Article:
Red Chalk: the Scottish National Gallery in Edinburgh explores a delicate material

By Jenni Davidson | 29 February 2012
A red chalk drawing of a woman looking in a mirror held up by a cherub
Sir Peter Paul Rubens, Copy of the figure of 'Prudence' after Raphael's fresco 'The Virtues'. Red chalk© National Galleries of Scotland
Exhibition: Red Chalk: Raphael to Ramsay, Scottish National Gallery, Edinburgh, February 18 – June 10 2012

The word chalk may first bring to mind blackboards or white cliffs, but red chalk is another matter altogether, as this new exhibition shows.

This natural material, which is also known as sanguine because it looks like blood, is mainly associated with classic artwork of the early modern period.

Red chalk can achieve a wide range of subtle effects that are impossible to make in any other medium. It can be used for a variety of purposes from sketches to finished pieces and portraits to landscapes. It is particularly good for rendering human features and three-dimensions.

A picture of a woman's head drawn in red chalk
Allan Ramsay, Head of Margaret Lindsay, the Artist's Second Wife, Looking Down. Red chalk.
© National Galleries of Scotland
Red chalk was first used in Italy during the late 15th century and became particularly popular with French artists three centuries later.

The medium was also adopted in Scotland, most notably by Allan Ramsay, whose drawing of his second wife, Margaret Lindsay, features in the exhibition.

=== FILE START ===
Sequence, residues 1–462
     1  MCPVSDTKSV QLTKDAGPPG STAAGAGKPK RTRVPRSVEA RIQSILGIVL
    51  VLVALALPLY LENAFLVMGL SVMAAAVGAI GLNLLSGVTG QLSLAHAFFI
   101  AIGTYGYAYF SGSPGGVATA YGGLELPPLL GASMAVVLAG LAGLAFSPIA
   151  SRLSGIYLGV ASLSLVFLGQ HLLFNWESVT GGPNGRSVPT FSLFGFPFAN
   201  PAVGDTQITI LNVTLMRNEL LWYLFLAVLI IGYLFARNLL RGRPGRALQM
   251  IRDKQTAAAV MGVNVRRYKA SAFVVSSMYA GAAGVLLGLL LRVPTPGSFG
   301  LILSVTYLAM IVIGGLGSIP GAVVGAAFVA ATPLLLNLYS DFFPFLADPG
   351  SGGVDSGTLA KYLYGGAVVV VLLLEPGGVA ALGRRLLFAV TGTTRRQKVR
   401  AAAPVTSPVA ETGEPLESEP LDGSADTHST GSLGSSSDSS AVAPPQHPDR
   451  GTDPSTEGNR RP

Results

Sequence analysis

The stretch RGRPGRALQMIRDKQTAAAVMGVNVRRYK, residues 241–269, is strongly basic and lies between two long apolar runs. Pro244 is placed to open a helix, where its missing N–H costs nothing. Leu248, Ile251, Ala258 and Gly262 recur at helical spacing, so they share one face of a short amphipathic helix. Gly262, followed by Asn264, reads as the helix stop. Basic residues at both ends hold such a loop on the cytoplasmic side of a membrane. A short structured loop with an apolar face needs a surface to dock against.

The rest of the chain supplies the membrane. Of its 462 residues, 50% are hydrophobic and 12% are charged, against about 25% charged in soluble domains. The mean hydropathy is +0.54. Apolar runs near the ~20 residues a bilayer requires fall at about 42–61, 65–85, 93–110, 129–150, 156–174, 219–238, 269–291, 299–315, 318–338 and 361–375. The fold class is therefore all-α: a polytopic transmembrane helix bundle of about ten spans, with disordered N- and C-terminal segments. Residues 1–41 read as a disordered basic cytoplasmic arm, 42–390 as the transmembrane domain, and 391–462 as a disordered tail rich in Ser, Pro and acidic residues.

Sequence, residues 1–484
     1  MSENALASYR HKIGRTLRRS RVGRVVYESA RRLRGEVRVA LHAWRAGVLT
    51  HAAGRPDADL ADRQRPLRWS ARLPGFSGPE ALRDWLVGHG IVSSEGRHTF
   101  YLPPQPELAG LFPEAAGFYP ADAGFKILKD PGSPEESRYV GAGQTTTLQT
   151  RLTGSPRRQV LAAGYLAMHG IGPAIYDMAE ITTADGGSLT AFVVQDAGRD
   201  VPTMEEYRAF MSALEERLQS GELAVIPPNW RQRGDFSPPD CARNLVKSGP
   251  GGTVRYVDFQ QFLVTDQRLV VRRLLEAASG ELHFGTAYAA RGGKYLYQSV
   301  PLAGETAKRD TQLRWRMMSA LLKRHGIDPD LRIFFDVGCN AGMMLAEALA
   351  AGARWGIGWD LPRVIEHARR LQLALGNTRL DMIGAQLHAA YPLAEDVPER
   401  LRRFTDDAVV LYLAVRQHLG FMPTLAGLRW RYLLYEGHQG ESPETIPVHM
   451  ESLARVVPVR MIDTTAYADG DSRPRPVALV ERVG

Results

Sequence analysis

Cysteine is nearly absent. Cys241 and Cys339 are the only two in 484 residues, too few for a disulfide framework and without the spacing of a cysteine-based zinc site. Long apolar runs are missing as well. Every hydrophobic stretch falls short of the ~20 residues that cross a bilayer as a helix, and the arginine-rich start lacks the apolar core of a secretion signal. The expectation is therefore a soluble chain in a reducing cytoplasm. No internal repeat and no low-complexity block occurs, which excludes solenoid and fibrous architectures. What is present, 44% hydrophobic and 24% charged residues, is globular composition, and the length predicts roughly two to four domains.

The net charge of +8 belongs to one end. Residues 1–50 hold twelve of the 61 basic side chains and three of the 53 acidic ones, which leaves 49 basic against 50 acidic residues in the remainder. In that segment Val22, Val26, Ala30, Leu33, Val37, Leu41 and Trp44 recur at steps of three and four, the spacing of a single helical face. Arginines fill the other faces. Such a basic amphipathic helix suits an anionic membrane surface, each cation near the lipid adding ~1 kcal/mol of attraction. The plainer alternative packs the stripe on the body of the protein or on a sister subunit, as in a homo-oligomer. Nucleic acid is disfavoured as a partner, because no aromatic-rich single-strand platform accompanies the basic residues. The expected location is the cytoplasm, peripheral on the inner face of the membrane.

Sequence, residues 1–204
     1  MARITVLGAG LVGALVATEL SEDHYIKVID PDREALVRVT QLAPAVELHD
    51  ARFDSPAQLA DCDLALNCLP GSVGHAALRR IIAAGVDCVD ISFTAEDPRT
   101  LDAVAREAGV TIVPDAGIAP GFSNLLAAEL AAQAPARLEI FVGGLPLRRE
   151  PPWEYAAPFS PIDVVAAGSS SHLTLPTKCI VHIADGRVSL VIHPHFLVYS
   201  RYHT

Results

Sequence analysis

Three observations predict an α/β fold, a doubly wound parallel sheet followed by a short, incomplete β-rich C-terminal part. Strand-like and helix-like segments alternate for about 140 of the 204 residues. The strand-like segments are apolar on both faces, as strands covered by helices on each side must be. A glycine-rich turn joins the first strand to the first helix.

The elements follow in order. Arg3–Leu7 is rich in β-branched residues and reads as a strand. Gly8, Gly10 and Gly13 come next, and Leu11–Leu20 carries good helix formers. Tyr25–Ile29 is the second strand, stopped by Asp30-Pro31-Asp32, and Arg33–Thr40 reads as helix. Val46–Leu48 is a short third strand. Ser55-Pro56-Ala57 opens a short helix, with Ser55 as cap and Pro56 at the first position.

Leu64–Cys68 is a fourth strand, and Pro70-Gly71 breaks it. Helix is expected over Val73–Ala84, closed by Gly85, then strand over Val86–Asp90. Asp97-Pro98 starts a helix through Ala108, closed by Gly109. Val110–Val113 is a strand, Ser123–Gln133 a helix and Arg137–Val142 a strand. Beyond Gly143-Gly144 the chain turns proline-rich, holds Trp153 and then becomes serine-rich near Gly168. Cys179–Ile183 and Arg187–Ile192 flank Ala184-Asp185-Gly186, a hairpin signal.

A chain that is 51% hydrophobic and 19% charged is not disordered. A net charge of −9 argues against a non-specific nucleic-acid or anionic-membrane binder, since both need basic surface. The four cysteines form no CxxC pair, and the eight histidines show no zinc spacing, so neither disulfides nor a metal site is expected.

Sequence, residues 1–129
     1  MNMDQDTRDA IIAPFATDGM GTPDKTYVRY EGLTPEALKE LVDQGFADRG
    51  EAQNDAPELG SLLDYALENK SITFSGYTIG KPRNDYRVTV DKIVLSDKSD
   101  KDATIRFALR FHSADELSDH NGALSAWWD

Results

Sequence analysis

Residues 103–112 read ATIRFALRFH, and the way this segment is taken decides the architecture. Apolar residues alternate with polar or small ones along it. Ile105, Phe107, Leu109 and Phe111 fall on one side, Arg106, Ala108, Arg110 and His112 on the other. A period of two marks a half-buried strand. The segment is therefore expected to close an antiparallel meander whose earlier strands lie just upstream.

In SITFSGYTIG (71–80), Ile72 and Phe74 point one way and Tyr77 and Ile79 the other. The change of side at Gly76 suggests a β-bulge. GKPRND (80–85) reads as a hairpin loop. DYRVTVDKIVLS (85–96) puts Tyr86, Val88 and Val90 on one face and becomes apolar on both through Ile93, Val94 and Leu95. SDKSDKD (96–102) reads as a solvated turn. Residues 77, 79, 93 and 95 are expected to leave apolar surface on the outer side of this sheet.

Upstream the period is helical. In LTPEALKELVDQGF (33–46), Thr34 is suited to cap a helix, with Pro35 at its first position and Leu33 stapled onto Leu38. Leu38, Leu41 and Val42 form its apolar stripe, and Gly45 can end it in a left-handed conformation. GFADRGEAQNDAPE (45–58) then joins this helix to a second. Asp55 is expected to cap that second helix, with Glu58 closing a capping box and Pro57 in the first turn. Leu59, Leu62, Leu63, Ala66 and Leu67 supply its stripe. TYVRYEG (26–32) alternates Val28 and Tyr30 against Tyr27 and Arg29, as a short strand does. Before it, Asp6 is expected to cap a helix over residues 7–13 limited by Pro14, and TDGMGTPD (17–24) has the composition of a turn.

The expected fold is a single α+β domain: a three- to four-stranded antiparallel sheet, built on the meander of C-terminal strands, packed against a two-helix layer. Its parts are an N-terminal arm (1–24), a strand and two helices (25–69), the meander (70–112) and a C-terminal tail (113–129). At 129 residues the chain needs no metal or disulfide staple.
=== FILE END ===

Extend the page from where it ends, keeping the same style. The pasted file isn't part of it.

Chalk for drawing is quarried directly from the ground and then cut into sticks, which can be sharpened to a point and either hand held or placed in a holder.

Alternatively, the chalk can be ground up and mixed with water then rolled into drawing sticks.

The exhibition explores this beautiful and gentle drawing medium through 35 works from the gallery's collections.

One of the highlights is Raphael’s Study of a Kneeling Nude, dating from around 1518, which is the earliest drawing on display. It was a preparatory drawing for one of the artist’s frescos and shows his careful preparation and skill as a draughtsman.

In contrast to that, Salvator Rosa’s mid-17th century drawing, Head of a Bearded Man, shows a finished work which was intended as a piece of art in its own right.

Because of the delicate nature of the medium, many of the drawings are rarely on show and some of the drawings are being exhibited for the first time.

  • Open 10am-5pm (7pm Thursday). Admission free.
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